• Tear napkins and fold into squares, set them on table
  • Set table with silverware in correct position atop folded square napkins
  • Pour waters for everyone having dinner (pre measured water, from a pitcher or water dispenser)
  • Bring dirty dishes to dishwasher, can learn to place plates and silverware in proper locations
  • Wipe table down after dinner, use a squirt bottle to spray first
  • Begin to learn how to sweep items into a pile (still may need assistance)

Laundry

  • Help transfer laundry from washer to dryer and turn on dryer
  • Help sort laundry into baskets (lights, darks and whites)
  • Lay out clothes, find the stains and spray with spot treatment (may want to have them wear gloves in case of leakage)
  • Match and fold socks: First find the matches, then lay the match atop each other, then roll them together
  • Put each family members underwear in proper drawers
  • Fold washcloths in halves or folded squares (folded in half twice)
  • After they have mastered folding washcloths, then teach them how to fold the larger item, towels
  • Put away folded piles of laundry into correct drawers, learning how to hold the folded piles with two hands without dropping them
  • Help put hangers into shirts and hand them to you while you hang them in the closet

Miscellaneous

  • Routinely clean up at bath time by putting bath toys away
  • Take out recycling: Find a handy-sized bag they can fill and carry out to the bin
  • Take out trash
  • Help find ripe fruits and veggies at the grocery store: Give them a baggie to fill and teach how to tell if a fruit/veggie is ready to eat
  • Take out items from dishwasher and help put away/organize
  • Clean the cabinets: Give them a wipie or wet washcloth and have them go to town
  • Clean up spills with towel
  • Water the plants with a squirt bottle or small watering can
  • Help dig, till, weed and plant seeds for a garden
  • Clean up a small room with encouragement, but break the tasks down into steps for them (for example, “First clean up the LEGO's, then the books.")
  • Clean up bookshelf independently (putting books in correct position with title facing out, cue them to "Turn it so we can read the words.")
  • Help feed pet by scooping and pouring dog/cat food into bowl, filling up water bowl
  • Help spray and wash glass windows
  • Put away bikes and scooter when finished playing
  • Help put clean pillow cases onto pillow while you put clean sheets on the bed
  • Around age four, they can manage pushing a small vacuum

Originally published by Ashley Thurn on Helpinghandsot.com.

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Hint: It's not related to grades.

In the ever-moving lives of parents and children, opportunities to slow down and reflect on priorities can be hard to come by. But a new school year scheduled to begin in the midst of a global pandemic offers the chance to reflect on how we should all think about measures of success. For both parents and kids, that may mean putting a fresh emphasis on optimism, creativity and curiosity.

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Here are a few mantras to keep in mind this school year:

Quality learning matters more than quantifying learning

After focusing on standardized measures of academic success for so long, the learning environment this next school year may involve more independent, remote learning. Some parents are considering this an exciting opportunity for their children to assume a bigger role in what they are learning—and parents are also getting on board by supporting their children's education with engaging, positive learning materials like Highlights Magazine.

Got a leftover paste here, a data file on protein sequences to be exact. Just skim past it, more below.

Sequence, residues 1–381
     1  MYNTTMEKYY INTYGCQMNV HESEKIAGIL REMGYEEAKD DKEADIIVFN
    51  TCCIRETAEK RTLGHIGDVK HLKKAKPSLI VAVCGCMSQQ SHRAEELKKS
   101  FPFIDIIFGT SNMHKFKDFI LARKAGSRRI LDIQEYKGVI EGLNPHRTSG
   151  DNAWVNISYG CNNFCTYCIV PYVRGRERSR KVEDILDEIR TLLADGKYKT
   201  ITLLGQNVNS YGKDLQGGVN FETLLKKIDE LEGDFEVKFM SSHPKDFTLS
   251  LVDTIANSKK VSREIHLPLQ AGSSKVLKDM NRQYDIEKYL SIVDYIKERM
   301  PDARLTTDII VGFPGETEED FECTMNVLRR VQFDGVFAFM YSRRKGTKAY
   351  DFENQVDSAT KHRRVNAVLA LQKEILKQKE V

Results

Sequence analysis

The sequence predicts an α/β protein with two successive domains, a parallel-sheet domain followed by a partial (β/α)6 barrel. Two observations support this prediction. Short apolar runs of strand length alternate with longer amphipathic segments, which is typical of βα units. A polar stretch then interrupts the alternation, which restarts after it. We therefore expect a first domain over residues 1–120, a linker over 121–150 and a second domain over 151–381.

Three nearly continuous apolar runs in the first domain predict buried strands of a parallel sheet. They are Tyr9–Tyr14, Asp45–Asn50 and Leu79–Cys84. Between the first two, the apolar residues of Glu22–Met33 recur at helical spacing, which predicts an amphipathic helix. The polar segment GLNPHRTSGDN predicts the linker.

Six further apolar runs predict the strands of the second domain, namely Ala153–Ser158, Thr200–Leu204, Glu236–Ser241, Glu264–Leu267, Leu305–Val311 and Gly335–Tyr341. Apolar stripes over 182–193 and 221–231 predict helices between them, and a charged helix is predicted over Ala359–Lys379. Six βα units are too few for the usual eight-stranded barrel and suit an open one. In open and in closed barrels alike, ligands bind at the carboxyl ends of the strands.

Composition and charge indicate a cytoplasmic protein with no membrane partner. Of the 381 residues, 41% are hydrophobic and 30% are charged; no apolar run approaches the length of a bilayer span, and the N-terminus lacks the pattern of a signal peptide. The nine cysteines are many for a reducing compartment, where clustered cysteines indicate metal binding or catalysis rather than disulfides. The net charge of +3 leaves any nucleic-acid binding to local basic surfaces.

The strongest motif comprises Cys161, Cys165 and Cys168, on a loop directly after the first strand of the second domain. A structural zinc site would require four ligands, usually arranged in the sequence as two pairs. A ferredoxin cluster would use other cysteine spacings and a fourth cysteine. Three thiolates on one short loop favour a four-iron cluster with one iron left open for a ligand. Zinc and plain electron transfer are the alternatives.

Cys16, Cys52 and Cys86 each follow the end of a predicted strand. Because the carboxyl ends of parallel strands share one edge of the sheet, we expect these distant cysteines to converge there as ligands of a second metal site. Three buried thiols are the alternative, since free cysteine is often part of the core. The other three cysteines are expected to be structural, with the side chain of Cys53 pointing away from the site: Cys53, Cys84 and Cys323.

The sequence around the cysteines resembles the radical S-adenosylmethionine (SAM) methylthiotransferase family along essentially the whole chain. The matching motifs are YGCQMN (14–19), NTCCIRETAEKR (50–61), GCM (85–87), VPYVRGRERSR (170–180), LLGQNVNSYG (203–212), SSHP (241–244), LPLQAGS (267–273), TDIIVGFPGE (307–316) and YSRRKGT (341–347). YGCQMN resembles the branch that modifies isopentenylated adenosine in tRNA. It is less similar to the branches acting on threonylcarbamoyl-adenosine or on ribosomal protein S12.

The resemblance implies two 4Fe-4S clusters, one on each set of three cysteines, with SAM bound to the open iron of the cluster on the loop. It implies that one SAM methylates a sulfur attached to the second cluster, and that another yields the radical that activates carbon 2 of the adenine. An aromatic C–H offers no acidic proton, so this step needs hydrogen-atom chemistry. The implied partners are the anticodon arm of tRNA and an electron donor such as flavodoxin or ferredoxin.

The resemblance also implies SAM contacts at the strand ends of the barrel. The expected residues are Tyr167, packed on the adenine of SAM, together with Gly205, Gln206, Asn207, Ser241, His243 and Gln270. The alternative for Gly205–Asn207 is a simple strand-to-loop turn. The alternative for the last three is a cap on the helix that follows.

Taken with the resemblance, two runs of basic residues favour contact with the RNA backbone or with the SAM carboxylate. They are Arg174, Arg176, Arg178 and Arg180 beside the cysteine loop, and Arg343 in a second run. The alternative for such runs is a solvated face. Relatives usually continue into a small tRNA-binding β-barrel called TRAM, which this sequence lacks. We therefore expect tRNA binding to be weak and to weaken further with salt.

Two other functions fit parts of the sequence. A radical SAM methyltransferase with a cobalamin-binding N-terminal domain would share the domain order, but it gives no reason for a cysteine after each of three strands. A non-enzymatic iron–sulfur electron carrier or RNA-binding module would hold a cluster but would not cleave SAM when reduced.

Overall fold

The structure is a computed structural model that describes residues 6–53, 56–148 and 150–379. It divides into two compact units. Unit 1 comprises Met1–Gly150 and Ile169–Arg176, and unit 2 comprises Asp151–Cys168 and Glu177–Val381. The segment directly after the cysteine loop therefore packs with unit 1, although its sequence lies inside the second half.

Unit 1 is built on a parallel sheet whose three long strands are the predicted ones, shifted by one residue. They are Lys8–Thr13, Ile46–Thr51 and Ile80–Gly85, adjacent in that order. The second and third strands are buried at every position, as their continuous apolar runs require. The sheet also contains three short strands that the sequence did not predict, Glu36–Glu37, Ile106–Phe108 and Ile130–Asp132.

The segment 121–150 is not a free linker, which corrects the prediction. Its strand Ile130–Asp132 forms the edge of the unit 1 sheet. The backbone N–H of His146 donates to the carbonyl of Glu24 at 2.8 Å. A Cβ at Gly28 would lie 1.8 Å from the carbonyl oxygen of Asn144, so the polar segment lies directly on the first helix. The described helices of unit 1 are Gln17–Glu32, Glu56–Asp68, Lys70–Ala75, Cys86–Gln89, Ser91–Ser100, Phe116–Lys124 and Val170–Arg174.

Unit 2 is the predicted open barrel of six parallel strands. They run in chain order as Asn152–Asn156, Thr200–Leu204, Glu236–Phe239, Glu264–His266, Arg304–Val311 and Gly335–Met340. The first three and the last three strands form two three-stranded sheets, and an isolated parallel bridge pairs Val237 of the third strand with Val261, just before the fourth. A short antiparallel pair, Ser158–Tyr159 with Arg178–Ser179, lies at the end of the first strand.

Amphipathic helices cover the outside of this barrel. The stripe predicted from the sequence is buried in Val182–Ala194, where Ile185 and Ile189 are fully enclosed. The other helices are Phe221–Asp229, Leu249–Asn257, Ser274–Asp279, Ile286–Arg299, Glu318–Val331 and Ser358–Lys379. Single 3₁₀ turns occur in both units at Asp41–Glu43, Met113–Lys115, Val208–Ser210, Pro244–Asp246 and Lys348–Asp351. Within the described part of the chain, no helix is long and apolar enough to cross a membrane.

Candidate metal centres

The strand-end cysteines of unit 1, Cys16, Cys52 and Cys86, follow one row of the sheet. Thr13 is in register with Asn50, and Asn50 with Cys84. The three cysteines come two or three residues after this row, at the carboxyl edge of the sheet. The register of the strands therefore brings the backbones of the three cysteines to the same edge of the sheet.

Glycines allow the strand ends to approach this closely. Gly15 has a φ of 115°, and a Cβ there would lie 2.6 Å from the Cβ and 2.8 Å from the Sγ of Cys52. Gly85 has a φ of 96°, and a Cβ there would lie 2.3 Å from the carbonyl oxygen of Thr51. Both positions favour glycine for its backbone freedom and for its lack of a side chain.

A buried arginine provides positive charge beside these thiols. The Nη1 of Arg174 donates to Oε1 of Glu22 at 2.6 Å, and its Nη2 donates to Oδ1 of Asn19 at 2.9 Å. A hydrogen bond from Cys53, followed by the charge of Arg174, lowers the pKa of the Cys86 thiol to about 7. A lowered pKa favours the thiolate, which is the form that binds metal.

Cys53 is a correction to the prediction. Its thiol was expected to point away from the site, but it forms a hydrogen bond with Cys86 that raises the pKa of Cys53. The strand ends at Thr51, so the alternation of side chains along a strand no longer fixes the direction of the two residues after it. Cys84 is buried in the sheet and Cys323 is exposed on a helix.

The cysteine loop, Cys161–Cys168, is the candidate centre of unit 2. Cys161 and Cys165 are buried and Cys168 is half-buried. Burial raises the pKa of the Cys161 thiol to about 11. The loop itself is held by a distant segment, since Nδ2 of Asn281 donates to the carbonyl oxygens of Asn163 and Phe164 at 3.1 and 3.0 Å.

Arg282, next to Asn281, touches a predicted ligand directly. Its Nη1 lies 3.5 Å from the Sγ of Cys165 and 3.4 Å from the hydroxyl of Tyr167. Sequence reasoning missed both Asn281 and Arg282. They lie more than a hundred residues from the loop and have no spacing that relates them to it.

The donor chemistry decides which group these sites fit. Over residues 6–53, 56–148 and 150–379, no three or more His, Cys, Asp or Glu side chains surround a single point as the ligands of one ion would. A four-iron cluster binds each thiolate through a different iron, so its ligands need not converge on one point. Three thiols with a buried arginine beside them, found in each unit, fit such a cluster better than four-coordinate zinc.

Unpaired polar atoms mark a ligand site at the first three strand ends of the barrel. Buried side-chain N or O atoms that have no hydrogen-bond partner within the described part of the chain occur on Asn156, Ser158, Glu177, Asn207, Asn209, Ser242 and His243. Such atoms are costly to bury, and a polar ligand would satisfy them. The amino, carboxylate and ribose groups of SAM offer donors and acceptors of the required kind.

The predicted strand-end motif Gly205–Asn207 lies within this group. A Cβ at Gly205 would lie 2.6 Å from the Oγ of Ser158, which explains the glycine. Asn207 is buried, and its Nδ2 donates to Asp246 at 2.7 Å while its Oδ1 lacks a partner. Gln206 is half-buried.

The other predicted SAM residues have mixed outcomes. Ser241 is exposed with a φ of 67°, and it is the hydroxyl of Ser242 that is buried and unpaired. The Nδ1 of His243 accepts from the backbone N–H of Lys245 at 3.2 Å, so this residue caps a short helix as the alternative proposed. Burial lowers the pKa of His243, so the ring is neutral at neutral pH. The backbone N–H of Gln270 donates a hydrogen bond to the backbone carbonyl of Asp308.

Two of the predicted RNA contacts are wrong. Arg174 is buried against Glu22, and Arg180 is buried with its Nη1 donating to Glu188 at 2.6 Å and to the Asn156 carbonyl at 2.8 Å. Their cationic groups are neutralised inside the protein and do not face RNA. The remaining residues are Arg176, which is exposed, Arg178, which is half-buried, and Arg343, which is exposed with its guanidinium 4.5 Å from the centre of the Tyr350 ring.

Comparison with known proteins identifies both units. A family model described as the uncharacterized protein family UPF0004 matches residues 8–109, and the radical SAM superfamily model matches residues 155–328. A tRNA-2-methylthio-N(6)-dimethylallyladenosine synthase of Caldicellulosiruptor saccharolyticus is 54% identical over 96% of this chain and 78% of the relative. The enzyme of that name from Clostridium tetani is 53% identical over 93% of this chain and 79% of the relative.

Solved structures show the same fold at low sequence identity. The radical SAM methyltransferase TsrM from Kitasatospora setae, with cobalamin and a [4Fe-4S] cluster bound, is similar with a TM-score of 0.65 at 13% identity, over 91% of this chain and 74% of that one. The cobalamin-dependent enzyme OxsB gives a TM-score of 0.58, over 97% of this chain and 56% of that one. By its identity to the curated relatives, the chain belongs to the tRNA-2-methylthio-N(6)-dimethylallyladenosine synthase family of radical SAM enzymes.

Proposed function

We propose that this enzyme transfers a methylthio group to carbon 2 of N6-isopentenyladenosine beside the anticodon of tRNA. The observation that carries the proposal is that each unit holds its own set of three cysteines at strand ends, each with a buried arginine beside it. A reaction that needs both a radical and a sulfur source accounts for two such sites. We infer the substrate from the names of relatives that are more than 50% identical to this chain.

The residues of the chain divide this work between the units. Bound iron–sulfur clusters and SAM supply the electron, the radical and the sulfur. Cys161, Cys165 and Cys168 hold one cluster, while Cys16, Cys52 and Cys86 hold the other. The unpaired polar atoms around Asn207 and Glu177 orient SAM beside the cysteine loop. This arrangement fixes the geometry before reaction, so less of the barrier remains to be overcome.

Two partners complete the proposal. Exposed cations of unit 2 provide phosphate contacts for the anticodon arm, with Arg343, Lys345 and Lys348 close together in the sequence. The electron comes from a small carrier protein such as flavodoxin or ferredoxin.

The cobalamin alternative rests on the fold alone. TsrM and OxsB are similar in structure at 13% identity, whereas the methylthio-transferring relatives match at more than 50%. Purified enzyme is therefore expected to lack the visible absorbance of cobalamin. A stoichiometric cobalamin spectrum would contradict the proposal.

As a working mom, Garg also appreciates that Highlights Magazine can help engage her son while she's also working. She says, "He sits next to me and solves puzzles in the magazine or practices his writing from the workbook."

Keep an open mind as "school" looks different

Whether children are of preschool age or in the midst of high school, "going to school" is bound to look different this year. Naturally, this may require some adjustment as kids become accustomed to new guidelines. Although many parents may wish to shelter our kids from challenges, others believe optimism can be fostered through adversity when everyone is committed to adapting to new experiences.

"Honestly, I am yet to figure out when I will be comfortable sending [my son] back [to school]," says Garg. In the meantime, she's helping her son remain connected with friends who also read Highlights Magazine by encouraging the kids to talk about what they are learning on video calls.

Follow children's cues about what interests them

For Garg, her biggest hope for this school year is that her son will create "success" for himself by embracing new learning possibilities with positivity.

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There's no denying that this school year will be far from the norm. But, perhaps, we can create a new, better way of defining our children's success in school because of it.

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I never wanted to be a mom. It wasn't something I ever thought would happen until I fell madly in love with my husband—who knew very well he wanted children. While he was a natural at entertaining our nephews or our friends' kids, I would awkwardly try to interact with them, not really knowing what to say or do.

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When my toddler has a tantrum, I remind myself that I am enough to get through to him.

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Becoming a mother has been life-changing. It's been hard, tiring, gratifying, beautiful, challenging, scary and a thousand other things that only a parent would ever understand.

It is these life-changing experiences that have inspired me to draw my everyday life as a stay at home mom. Whether it's the mundane tasks like doing laundry or the exciting moments of James', my baby boy's, first steps, I want to put it down on paper so that I can better cherish these fleeting moments that are often overlooked.